As a Christian mom and LGBTQ ally in the 21st century, how I think and talk about sexuality has to shift.
I read a fascinating blog post criticizing the widespread Christian use of purity language linked to sexuality, and I thought it made some great points. Certainly better points than this morning’s rambling thoughts of mine will make.
Purity is good, but is it what God desires? In any area of life, does God demand purity? I mean, I have only had sex with 1 man in my life, and that was within the vows of marriage, so am I still “pure”?
I’m not a virgin any more. Does that mean I’m “impure” even though I followed the rules?God doesn't demand purity: God desires us to be wise. Gentle. Kind. Heck, it’s all in that fruits of the Spirit passage in Galatians: loving, joyful, peaceful, patient, kind, good, faithful, gentle, and self-controlled. I don’t see purity there. Then there’s the famous Love passage of 1 Corinthians about what love is, love being, of course, Jesus’ final commandment before He died: long suffering, kind, not envious, not proud, not arrogant, not rude, not selfish, not easily angered, always giving the benefit of the doubt, not happy about evil, rejoicing in the truth. No purity there either.
Let’s dump the whole purity thing. I don’t want my daughter to be pure. I want her to be strong.
I want her to be, to quote Jesus again, as wise as a serpent and as gentle as a dove. I want her to be kind, generous, loving, wise, competent, and capable of critical thinking. Or as my husband puts it: “a net gain to society.”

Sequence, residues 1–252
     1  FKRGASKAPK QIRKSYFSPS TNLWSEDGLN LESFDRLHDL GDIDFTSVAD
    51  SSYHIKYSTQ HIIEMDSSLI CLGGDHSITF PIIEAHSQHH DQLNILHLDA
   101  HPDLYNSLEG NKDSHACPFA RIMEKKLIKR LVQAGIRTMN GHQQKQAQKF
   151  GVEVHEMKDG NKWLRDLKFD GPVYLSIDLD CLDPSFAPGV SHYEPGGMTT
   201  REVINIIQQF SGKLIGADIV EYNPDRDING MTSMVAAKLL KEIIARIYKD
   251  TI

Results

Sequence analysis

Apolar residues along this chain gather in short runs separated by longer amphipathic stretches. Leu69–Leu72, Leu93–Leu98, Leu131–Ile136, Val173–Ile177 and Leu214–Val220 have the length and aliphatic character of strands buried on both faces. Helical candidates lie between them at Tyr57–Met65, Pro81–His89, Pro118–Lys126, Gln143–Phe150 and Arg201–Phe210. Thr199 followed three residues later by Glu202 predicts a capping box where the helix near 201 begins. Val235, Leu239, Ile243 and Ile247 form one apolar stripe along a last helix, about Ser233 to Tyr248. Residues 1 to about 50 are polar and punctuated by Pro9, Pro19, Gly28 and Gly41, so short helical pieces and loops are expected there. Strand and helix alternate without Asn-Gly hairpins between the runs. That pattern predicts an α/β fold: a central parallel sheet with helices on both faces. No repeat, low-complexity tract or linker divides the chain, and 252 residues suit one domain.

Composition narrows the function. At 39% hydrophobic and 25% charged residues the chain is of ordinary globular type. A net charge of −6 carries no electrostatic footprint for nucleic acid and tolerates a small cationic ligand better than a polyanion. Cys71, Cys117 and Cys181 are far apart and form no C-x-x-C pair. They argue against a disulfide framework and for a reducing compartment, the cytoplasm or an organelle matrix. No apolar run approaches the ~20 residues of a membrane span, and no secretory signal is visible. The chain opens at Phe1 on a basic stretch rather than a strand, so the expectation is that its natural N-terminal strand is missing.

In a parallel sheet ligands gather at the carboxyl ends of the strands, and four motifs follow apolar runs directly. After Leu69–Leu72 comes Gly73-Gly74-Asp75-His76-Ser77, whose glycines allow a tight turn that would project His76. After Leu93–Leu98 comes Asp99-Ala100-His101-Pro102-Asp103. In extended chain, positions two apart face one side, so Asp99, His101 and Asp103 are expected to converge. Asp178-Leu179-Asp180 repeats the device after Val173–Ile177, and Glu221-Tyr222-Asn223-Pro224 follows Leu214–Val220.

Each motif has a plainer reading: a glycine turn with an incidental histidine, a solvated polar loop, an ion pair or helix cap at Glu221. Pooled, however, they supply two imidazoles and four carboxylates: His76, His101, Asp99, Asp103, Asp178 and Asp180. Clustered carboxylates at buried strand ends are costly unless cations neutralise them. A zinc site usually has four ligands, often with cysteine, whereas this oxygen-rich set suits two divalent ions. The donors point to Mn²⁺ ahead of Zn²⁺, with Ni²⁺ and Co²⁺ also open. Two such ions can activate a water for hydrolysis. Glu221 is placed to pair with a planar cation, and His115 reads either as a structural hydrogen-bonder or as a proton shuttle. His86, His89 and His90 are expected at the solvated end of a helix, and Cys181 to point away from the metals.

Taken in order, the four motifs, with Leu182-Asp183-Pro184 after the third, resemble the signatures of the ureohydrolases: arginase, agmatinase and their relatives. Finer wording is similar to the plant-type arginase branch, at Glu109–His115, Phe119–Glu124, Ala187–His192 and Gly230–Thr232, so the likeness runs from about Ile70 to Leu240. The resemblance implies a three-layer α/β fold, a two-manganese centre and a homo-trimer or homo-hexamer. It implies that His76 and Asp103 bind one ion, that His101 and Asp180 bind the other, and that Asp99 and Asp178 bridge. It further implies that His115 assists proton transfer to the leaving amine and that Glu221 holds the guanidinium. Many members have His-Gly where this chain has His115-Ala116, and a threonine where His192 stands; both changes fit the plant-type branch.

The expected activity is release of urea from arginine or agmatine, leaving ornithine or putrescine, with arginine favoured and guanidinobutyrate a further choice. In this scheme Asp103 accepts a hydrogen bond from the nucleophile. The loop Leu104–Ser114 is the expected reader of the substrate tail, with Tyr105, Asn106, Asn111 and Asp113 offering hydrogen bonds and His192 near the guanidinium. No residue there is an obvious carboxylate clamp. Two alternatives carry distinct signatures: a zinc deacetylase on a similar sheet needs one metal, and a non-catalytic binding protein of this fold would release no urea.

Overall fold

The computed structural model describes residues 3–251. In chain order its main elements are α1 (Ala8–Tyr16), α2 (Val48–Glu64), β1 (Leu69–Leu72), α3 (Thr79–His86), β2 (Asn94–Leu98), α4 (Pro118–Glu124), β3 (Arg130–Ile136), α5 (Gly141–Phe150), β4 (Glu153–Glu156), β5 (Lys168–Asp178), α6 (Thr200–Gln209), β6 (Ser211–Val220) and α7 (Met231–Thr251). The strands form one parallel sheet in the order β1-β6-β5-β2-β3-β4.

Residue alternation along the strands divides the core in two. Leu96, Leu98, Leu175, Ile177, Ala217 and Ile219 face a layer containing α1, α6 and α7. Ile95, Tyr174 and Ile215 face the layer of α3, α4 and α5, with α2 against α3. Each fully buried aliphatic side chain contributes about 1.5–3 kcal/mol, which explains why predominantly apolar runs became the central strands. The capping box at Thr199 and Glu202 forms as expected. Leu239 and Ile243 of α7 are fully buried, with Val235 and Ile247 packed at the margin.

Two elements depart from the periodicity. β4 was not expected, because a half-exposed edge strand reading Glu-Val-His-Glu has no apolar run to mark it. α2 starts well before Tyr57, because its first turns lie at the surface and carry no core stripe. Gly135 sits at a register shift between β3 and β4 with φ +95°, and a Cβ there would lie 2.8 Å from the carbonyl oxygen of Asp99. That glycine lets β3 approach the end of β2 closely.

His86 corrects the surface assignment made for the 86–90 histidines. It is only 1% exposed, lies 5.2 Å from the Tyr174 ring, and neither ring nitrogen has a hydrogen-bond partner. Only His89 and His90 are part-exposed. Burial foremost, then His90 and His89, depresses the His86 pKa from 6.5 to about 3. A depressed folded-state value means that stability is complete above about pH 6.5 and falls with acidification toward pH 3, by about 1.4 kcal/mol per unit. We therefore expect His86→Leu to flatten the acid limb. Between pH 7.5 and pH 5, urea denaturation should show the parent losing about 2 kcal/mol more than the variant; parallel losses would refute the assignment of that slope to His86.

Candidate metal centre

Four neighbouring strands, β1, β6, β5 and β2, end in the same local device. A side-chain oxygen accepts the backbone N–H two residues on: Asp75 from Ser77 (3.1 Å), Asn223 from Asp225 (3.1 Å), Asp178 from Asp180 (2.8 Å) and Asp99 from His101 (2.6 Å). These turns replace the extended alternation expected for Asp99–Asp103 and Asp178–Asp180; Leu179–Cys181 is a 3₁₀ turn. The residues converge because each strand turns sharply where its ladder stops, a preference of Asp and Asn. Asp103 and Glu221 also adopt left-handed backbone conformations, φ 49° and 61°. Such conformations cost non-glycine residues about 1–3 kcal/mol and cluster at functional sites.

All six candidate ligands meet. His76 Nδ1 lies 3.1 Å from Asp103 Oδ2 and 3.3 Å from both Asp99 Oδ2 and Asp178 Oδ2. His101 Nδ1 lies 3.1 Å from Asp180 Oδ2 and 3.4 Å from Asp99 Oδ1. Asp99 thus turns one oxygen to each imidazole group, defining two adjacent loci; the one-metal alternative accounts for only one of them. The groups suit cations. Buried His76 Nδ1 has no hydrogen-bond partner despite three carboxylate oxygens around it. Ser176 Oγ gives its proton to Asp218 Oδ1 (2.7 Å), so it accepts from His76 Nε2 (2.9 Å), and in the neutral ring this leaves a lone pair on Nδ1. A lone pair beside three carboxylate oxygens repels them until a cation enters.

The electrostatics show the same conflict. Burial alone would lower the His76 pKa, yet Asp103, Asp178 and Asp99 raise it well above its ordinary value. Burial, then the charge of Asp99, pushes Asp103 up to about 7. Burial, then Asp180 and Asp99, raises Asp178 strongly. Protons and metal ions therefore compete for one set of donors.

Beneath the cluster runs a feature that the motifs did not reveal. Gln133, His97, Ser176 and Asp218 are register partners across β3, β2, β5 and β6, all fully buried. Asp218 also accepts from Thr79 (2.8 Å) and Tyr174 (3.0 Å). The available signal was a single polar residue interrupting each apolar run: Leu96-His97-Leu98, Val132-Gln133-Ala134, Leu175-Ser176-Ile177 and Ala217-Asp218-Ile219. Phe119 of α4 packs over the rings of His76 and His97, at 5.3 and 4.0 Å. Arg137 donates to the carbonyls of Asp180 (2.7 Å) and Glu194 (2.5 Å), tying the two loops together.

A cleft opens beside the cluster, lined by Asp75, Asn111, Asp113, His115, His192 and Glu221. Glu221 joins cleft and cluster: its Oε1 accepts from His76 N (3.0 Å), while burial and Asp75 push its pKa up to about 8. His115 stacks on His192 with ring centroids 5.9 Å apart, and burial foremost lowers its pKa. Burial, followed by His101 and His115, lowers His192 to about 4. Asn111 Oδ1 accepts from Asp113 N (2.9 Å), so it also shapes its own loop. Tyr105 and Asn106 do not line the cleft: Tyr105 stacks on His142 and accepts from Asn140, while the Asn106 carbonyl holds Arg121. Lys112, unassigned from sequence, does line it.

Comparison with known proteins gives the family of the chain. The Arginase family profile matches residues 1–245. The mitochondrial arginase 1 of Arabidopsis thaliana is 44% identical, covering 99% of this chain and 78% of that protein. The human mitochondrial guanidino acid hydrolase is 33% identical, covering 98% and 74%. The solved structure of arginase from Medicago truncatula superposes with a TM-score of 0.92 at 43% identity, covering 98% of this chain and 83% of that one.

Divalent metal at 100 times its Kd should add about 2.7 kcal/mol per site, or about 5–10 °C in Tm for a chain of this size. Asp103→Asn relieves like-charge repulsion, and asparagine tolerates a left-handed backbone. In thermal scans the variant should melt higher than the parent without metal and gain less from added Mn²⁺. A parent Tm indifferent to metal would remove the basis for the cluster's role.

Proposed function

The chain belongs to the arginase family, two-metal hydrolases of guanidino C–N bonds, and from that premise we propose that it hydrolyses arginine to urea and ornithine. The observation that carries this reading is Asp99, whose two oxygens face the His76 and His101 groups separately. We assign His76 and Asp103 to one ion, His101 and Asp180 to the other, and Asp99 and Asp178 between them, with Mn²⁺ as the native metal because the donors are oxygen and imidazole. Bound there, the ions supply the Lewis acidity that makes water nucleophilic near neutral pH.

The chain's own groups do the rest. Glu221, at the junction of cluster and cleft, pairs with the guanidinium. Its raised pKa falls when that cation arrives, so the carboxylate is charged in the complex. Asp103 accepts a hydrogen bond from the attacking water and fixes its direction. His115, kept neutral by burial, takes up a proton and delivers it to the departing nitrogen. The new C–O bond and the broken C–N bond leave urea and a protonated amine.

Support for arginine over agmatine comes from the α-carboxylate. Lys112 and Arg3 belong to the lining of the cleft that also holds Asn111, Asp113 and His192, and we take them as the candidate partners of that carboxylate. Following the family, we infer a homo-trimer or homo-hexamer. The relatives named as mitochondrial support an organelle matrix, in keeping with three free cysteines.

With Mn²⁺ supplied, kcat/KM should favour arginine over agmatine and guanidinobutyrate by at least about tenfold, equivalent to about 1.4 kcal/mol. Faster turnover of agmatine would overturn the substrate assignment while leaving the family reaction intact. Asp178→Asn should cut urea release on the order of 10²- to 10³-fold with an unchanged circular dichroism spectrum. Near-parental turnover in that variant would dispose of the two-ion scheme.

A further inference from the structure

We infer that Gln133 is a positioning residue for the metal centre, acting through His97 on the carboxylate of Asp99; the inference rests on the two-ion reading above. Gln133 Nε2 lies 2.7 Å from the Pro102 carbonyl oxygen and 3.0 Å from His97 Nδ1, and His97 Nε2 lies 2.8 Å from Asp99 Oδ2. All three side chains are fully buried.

What heroes of my faith are pure anyway, besides Jesus?
Moses and David were cold blooded murderers. Paul was a religious fanatic who killed Christians. Rahab was most likely a prostitute. Abraham was a coward who prostituted his wife to save his own life. Miriam was a leader who tried to usurp her brother’s power. Esther was a harem woman who hid her true ethnicity. Jeremiah was a bullfrog. Wait, maybe not that last one.
Every day my daughter asks me for a “Jesus Bible story.” We learned, eventually, that it doesn’t have to be about Jesus. Sometimes I read straight from the Bible to her. But more often I retell the day’s lectionary reading to her. And because she’s almost 5 and smarter than pretty much everyone I know, I editorialize a little too. Today the story was about the young man who wanted to be good enough for Heaven. Jesus told him to sell everything he had and give it away, and the man wouldn’t do it. I explained to Tori why that was not good. She doesn’t have to be financially pure. But I do hope that she is financially generous; that she understands that money is just one of many tools we can use to increase the amount of love in the world.
The Bible teaches about a lot more than sex. I want her to learn about a lot more than sex. And as she gets older, she will learn about sex too. Not just “avoid sex until you’re married.” What is sex? Why did God create it? What is the point of sex? Why does sex feel so good? When are you ready to have sex?
I’ve got another blog post in my head about sexuality and crime. But that’s for another day.